Tyler Clementi Center at Rutgers to help youth facing tough transitions
February 4, 2013By Maiken Scott
Rutgers University in New Jersey has dedicated its new Tyler Clementi Center, which will serve as a research hub for studying the needs of youth during tough transitions. It bears the name of a former student who committed suicide in 2010 after his roommate cyberbullied him.
Tyler Clementi's story received world-wide attention. A gifted young man who had just come out to his family before leaving for college, he was not yet entirely comfortable with being an openly gay man. He killed himself after learning his roommate used a webcam to record an intimate encounter Clementi had with another man. Clementi's suicide brought much attention to the issues of cyberbullying, suicide prevention, and the needs of LGBT youth on college campuses.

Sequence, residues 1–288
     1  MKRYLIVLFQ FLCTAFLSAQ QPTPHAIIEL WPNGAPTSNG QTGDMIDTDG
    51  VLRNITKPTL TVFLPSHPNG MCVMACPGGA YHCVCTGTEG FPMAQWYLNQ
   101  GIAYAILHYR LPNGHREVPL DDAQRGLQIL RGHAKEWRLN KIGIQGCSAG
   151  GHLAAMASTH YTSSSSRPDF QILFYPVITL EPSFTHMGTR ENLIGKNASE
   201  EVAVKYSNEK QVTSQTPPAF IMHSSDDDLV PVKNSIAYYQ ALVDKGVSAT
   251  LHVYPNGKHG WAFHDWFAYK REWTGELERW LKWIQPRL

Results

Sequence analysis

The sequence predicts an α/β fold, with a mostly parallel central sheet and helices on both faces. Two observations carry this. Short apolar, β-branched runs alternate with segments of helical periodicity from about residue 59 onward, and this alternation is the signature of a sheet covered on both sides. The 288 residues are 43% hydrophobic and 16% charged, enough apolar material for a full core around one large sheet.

The new center was founded in collaboration with the Tyler Clementi Foundation, which is run by his family.
During the dedication ceremony, his father, Joe Clementi, said that this is a way of creating a new legacy for his son.
"We're committed not just to raising awareness around the issues that impacted Tyler, but also to creating solutions to those issues," Joe Clementi said.
The new, multidisciplinary center will draw on existing university resources to create a research hub; to bring the latest information together in one place; and to get it into the hands of those who work with adolescents, said Richard Edwards of Rutgers University.
"Our purpose is to draw upon the best academic minds in relevant fields from around the world, and then make the knowledge they create useful to practitioners, whether in student affairs, counseling, or any of the areas that connect to young people in our classrooms and in our communities," Edwards said.
The director of the Tyler Clementi Center is Jeffrey Longhofer, an associate professor of social work at Rutgers University. He says the center is already getting to work. Its first conference, set for April, will focus on the needs of transgendered students.